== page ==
This is a question in response to girl478o’s post, re: “Is it my search to begin?”
First of all, thank you for the thoughtful insights on this forum.
We are on the verge of trying again to search for our adaughter’s birth family, after failed informal and formal searches 7+/- years ago. At that time, dd was only 2 y/o and if the searches had been successful, and if the bmother or other family would have wanted it, we would have liked to have met them and established an on-going relationship involving dd. That way, we thought, it would have just been part of her growing up.
Now that she is 9, however, we are concerned about involving her if and when we make contact. Our plan has been to try to establish a relationship via letters and perhaps meet the birthfamily ourselves (aparents) so that if and when dd is ready, she can meet her first family and can have whatever information we’ve been able to obtain (granted, from our POV or privileged status). Various child specialists have indicated that it’s better to initiate contact between the bfamily and child when the child is very young or is past adolescence. Also, it is our informed belief that dd is not ready at this point. Like some of you have posted, she just wants to be like everybody else at this point in her development; for several years, she has not wanted to discuss adoption/doesn’t follow-up when I bring it up; she says “I don’t know” when asked if she would like to be able to meet her bmother and never brings it up or shows any sort of angst around her life circumstances. Of course it’s on her mind, but unlike the adaughter of a good friend, she doesn’t (yet) grieve her loss or lot in life.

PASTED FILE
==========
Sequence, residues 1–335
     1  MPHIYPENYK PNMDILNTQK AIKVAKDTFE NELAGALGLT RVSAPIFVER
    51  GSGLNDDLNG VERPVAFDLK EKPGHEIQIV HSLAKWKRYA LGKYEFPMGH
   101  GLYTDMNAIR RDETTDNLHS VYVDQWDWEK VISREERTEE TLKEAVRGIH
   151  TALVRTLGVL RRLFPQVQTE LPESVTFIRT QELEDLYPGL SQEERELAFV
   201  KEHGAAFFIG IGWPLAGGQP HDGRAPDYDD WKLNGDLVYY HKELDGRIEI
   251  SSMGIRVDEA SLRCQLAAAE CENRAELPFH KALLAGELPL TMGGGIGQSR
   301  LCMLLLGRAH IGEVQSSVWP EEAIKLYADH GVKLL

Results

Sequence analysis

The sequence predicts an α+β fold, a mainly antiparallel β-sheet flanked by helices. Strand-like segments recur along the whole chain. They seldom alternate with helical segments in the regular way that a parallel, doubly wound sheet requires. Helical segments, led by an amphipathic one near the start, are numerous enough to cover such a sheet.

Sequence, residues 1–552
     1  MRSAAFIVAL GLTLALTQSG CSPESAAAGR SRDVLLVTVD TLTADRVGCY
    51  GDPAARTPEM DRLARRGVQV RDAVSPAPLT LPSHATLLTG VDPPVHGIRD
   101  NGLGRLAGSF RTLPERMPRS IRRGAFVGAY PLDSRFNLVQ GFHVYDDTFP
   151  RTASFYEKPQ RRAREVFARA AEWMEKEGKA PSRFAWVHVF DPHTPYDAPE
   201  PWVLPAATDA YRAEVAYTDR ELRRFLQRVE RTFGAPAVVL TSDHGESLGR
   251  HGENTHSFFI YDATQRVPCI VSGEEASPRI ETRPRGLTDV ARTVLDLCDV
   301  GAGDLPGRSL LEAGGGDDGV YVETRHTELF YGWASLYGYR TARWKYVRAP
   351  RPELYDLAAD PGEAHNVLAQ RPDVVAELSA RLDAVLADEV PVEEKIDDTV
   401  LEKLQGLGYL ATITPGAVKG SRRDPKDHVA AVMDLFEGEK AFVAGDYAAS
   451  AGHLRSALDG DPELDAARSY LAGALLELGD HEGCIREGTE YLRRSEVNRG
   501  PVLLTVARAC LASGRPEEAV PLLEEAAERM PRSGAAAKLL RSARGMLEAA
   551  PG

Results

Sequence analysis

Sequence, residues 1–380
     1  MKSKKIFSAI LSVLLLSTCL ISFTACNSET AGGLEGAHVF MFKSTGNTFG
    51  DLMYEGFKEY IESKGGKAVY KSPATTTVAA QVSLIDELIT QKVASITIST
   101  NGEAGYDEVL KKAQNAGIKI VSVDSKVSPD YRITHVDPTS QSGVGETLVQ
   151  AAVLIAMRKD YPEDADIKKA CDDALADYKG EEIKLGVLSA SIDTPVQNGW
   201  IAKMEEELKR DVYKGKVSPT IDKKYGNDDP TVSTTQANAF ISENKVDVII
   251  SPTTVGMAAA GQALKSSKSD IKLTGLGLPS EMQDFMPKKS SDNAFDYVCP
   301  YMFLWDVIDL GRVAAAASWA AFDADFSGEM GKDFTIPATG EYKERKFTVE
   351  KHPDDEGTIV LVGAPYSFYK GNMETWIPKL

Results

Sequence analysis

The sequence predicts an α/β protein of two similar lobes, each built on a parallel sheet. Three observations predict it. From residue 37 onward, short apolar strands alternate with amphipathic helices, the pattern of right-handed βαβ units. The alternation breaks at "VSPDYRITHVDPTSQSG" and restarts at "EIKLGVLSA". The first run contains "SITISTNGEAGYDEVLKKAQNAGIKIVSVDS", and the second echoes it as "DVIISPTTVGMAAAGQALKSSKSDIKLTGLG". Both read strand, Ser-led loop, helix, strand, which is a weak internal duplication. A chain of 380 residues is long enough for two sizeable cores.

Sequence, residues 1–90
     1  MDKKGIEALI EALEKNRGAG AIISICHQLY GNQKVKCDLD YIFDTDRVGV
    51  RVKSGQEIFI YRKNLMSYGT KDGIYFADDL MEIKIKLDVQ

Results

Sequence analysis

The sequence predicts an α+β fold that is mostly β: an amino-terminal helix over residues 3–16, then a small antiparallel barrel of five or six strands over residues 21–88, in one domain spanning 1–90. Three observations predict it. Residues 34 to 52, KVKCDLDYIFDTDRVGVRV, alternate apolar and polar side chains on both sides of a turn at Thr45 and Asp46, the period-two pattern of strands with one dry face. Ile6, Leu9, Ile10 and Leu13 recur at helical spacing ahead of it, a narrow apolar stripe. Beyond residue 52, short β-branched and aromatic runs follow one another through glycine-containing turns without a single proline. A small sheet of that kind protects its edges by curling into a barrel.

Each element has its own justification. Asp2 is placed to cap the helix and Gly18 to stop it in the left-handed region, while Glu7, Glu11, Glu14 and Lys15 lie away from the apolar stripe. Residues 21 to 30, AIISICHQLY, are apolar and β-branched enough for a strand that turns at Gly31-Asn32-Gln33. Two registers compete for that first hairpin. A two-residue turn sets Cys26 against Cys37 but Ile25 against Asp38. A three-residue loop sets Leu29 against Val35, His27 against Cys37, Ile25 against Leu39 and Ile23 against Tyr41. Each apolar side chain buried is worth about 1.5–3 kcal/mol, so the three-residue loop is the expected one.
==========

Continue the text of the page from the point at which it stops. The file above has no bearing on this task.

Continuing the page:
So I guess my question is, as adults, can you think back to being 9 and how it would have felt at that point in your development to suddenly meet your bmother or other bfamily? I imagine the experience in meeting a bmother or bfather vs. bsiblings (or extended family such as grandparents) would be different from meeting parents. Can you understand why some professionals (including a searcher who witnessed meetings between children and birth families) recommend that this not be introduced to older children (5 – 14/16 y/o) and do you disagree? The real snag for me is the “What if” – i.e. what if something happened to the bmother, etc. (she died or moved and we lose contact) and dd misses the opportunity to know her in person.